Jonathan Bernstein

Jonathan Bernstein is a political scientist who writes about American politics, especially the presidency, Congress, parties and elections.

Recent Articles

Playing Constitutional Hardball with the Electoral College

Flickr / Politics for Misfits
Republicans are playing Constitutional hardball again. It’s a dangerous game. The GOP may attempt to rig the Electoral College by changing the electoral vote allocation in GOP-controlled states which voted for Barack Obama. The idea would be to shift from the normal winner-take-all plan to something that would split the votes in those states. Ideally, from the Republican point of view, every Republican state would be winner-take-all while all Democratic states would be split more or less evenly, making it almost impossible for a Democrat to win the White House. All of that, as obviously undemocratic as it is , would be perfectly Constitutional; the Constitution leaves every state in charge of how to choose its electors. The idea should be not be seen as a stand-alone. Instead, it’s best thought of as one of a set of schemes Republicans have advanced over the last 20 years. It includes the establishment of the 60-vote Senate; mid-decade redistricting in Texas after Republicans took...

The Case for "Four More Years"

AP Photo/Jerome Delay
AP Photo/Jerome Delay President Barack Obama and wife Michelle hold hands with Vice President Joe Biden and his wife Jill following Obama's victory speech to supporters. I t’s the policy idea that just won’t die, and seems to reanimate whenever legislators have run out of substantive issues to push. Case in point: Last week’s appallingly thin op-ed by 2016 hopeful Bobby Jindal , which argues that “structural reforms” are needed to get the United States back on the right path, and suggests term limits as one of, well, two structural reforms that would do the trick (the other is a multi-part budget plan). Term limits for Congress, whatever its utility in chasing after the Republican nomination for president, is still an absolutely terrible idea on the merits. To begin with, the idea that Congress is in desperate need of new blood is ridiculous. As it happens, we’ve been in a cycle of considerable change for some time now, with “wave” elections strongly favoring one party in 2006, 2008,...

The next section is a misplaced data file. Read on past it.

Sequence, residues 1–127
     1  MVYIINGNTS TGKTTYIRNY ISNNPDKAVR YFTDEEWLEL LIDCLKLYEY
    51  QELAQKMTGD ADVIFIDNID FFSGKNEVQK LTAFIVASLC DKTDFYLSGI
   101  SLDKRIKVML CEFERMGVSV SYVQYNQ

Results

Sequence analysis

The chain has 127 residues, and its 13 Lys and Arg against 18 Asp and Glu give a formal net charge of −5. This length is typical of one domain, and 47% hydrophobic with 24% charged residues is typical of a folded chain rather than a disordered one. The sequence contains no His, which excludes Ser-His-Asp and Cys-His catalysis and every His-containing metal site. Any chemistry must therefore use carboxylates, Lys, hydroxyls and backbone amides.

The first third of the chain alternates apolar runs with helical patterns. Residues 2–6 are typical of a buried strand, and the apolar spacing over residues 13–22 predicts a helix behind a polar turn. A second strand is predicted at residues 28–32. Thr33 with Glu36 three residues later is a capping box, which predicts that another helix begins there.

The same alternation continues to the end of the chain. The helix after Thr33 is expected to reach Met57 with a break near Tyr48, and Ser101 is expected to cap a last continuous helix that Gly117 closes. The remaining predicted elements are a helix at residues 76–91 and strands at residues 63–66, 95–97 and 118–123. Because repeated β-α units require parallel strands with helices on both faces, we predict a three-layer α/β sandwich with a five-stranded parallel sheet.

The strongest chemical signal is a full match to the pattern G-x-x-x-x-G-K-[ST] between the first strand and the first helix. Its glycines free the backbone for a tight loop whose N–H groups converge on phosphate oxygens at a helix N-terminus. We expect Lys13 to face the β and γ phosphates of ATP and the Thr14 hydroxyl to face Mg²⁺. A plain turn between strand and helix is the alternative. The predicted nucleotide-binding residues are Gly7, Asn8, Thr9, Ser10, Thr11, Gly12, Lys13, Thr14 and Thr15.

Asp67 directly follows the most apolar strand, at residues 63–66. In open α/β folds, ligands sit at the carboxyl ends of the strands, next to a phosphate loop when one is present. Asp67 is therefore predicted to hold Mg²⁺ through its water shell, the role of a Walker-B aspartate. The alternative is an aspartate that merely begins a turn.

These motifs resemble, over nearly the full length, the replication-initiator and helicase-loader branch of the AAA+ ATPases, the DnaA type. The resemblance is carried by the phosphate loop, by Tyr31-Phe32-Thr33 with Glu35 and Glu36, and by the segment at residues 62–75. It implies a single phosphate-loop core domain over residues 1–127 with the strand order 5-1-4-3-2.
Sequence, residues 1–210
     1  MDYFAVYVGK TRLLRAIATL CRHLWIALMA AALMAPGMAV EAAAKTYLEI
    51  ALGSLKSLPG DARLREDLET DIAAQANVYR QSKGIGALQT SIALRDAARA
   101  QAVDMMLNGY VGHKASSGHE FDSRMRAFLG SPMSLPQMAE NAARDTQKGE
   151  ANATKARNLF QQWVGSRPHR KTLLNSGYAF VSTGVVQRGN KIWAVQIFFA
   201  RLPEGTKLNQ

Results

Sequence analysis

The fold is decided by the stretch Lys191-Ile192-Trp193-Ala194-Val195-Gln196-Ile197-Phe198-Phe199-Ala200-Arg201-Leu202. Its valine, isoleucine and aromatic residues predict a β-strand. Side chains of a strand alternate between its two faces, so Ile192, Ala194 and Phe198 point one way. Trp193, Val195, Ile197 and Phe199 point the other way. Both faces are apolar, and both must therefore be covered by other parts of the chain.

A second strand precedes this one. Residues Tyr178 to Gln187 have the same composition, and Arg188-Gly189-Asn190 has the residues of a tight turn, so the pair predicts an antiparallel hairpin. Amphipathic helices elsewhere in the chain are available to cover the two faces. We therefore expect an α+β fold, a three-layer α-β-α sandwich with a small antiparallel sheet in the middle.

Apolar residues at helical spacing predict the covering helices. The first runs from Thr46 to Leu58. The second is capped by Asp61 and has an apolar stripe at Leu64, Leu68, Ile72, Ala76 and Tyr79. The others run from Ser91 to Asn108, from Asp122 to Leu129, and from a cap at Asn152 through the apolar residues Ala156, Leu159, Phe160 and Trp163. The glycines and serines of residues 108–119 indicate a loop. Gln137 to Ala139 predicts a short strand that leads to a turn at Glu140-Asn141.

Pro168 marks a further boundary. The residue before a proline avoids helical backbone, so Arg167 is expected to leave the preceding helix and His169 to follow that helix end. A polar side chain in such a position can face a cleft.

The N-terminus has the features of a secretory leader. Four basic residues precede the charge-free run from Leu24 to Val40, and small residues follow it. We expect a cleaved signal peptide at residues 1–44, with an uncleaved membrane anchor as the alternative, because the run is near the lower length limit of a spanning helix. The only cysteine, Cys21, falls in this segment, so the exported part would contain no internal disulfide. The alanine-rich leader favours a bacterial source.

Speaker Harry Reid?

Center for American Progress, Bill Murray
Flickr/Bill Murray The façade of the U.S. Senate wing G iven current proposals for reform, it seems clear the filibuster in some form will survive—at least in the upcoming session of Congress. What the Senate looks like in the long term, however, is still very much up for grabs. One thing is for sure: It can’t continue in its current dysfunction. The first step in thinking about the fate of the filibuster is to place it in historical context. Filibusters were once a rare occurrence, but as University of Miami professor Greg Koger explains in Filibustering , they increased in two major and important spikes. First, Republicans reacted to the election of Bill Clinton and a unified Democratic government in 1993 by filibustering all major initiatives. Then, Republicans reacted to the election of Barack Obama and another period of unified Democratic government in 2009 by establishing a true 60-vote requirement; passing virtually any bill (and even amendments to those bills) and every...

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